If a suspension occurs after an interview, then a hearing is scheduled. The hearing takes place within 14 days of the interview. The hearing is the driver’s opportunity to show the DMV that:
- it should reverse the decision it reached at the interview, and
- the driver poses no risk to traffic safety.
A driver may present evidence of his/her safe driving during the hearing. This evidence may include:
- medical records,
- statements from friends and family,
- test results, and
- any relevant videos.
If the driver shows he/she can drive safely, the hearing officer may reverse its initial decision.
4. Who typically informs the DMV of at-risk drivers?
A variety of parties may have contacted the DMV and provided evidence of unsafe driving.
- the driver’s doctor or surgeon who was obligated by law to contact the DMV,
- emergency medical personnel that treated the subject motorist,
- a DMV employee that observed a suspect condition,
- the driver’s friends or family,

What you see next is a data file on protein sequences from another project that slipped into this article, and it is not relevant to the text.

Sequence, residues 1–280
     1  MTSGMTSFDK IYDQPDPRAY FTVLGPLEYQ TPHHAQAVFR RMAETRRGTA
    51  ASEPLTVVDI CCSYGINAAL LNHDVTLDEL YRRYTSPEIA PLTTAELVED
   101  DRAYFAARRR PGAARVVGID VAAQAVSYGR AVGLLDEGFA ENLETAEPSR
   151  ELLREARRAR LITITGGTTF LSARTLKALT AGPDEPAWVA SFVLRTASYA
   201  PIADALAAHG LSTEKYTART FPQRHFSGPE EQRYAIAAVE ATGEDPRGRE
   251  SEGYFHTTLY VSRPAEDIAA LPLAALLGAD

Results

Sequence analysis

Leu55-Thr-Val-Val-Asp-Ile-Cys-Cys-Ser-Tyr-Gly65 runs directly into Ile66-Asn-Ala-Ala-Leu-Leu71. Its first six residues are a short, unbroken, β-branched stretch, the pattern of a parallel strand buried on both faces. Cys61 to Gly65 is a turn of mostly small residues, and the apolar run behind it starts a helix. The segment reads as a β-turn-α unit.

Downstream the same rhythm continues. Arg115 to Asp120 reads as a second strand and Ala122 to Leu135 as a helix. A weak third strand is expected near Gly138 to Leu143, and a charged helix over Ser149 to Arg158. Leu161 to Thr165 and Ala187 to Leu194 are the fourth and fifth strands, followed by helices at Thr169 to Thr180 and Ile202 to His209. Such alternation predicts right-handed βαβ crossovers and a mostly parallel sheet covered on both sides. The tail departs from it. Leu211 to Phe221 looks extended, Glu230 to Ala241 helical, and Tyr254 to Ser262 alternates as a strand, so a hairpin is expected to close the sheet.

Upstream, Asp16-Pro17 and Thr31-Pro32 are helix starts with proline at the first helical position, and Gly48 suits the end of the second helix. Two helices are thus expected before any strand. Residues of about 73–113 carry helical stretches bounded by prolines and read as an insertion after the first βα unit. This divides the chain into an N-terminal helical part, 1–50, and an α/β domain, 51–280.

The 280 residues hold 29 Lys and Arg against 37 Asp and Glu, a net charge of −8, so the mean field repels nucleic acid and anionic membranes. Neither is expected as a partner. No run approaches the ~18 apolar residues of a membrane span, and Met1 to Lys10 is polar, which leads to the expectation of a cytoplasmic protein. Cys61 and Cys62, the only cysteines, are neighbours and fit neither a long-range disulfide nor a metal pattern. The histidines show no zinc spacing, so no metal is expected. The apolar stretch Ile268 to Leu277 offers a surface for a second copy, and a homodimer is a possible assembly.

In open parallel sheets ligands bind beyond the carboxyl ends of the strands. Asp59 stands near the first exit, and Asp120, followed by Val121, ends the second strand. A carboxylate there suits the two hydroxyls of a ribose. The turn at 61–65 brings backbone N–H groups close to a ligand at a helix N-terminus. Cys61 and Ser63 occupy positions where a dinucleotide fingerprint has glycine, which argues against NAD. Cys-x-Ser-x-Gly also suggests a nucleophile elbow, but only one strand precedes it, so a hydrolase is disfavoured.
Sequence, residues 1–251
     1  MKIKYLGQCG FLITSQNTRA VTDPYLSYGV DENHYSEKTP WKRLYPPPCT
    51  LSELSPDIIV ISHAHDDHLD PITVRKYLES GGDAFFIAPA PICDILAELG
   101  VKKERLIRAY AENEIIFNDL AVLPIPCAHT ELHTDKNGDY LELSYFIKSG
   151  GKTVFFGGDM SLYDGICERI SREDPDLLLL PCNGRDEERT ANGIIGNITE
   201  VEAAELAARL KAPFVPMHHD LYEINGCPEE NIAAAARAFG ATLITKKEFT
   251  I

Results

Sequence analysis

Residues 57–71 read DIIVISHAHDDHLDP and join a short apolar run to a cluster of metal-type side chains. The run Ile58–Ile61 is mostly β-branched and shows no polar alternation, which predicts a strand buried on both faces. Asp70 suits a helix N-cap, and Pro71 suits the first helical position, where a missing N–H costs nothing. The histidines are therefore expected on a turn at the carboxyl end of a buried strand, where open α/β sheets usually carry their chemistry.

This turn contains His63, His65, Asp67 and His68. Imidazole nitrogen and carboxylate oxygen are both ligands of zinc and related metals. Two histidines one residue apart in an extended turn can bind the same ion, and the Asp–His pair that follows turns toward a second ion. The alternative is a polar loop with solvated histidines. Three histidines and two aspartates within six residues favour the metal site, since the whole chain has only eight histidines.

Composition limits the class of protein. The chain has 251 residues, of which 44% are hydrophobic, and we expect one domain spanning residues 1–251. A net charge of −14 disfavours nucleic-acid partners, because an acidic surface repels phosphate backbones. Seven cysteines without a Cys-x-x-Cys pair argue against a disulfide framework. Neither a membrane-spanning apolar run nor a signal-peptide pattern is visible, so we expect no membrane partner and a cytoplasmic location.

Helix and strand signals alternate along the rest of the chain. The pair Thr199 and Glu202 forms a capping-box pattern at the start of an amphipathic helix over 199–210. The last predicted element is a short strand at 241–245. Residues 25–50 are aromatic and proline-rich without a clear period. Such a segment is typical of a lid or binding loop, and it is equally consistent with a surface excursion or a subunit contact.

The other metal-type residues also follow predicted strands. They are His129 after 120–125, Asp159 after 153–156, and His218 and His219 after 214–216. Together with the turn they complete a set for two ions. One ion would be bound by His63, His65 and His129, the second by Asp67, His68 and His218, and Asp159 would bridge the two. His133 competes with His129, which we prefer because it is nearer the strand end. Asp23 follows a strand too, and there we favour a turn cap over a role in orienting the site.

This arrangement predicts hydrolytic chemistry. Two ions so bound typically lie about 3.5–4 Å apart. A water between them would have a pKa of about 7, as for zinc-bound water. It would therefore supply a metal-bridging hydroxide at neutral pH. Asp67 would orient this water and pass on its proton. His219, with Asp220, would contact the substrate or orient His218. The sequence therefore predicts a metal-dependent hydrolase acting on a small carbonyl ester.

- a police officer, or
- the motorist’s driving record may have alerted the DMV about accidents/citations.
5. What if the DMV takes away a person’s driving privileges?
If a hearing results in the suspension or revocation of a person’s license, the driver can:
- request a DMV hearing, and
- try to challenge the Department’s decision.5
Note that DMV administrative hearings are separate from criminal hearings. They differ in three main ways:
- they are held at the DMV while criminal hearings are held in court,
- they are held before a hearing officer instead of a judge, and
- the standards used to consider evidence are less strict than those used in court.6
At the completion of the hearing, the DMV may decide to:
- overturn its decision reached at the reexamination hearing, or
- order that the decision to remain in effect.
For additional help…
For additional guidance or to discuss your case with a criminal defense attorney, we invite you to contact us at Shouse Law Group.
- California DMV website – DMV’s Reexamination Process (FFDL 27).
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- DMV website – Driver Safety Administrative Hearings Process (FFDL 26).